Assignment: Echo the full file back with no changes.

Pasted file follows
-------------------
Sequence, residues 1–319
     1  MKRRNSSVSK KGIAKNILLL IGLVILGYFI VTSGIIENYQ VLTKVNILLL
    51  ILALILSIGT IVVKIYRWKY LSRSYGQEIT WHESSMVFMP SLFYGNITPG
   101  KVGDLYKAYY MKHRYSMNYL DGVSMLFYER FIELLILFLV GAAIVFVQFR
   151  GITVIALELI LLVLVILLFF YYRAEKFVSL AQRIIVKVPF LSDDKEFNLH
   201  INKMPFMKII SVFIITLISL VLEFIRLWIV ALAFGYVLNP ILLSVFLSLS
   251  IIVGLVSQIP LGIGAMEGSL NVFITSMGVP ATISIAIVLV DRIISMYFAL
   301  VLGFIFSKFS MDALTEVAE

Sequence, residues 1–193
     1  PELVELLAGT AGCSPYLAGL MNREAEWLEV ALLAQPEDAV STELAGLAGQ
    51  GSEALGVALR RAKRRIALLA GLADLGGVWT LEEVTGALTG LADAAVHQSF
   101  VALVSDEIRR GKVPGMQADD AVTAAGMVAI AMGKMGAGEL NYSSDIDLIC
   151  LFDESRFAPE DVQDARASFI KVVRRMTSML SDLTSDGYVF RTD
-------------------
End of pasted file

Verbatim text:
Sequence, residues 1–319
     1  MKRRNSSVSK KGIAKNILLL IGLVILGYFI VTSGIIENYQ VLTKVNILLL
    51  ILALILSIGT IVVKIYRWKY LSRSYGQEIT WHESSMVFMP SLFYGNITPG
   101  KVGDLYKAYY MKHRYSMNYL DGVSMLFYER FIELLILFLV GAAIVFVQFR
   151  GITVIALELI LLVLVILLFF YYRAEKFVSL AQRIIVKVPF LSDDKEFNLH
   201  INKMPFMKII SVFIITLISL VLEFIRLWIV ALAFGYVLNP ILLSVFLSLS
   251  IIVGLVSQIP LGIGAMEGSL NVFITSMGVP ATISIAIVLV DRIISMYFAL
   301  VLGFIFSKFS MDALTEVAE

Sequence, residues 1–193
     1  PELVELLAGT AGCSPYLAGL MNREAEWLEV ALLAQPEDAV STELAGLAGQ
    51  GSEALGVALR RAKRRIALLA GLADLGGVWT LEEVTGALTG LADAAVHQSF
   101  VALVSDEIRR GKVPGMQADD AVTAAGMVAI AMGKMGAGEL NYSSDIDLIC
   151  LFDESRFAPE DVQDARASFI KVVRRMTSML SDLTSDGYVF RTD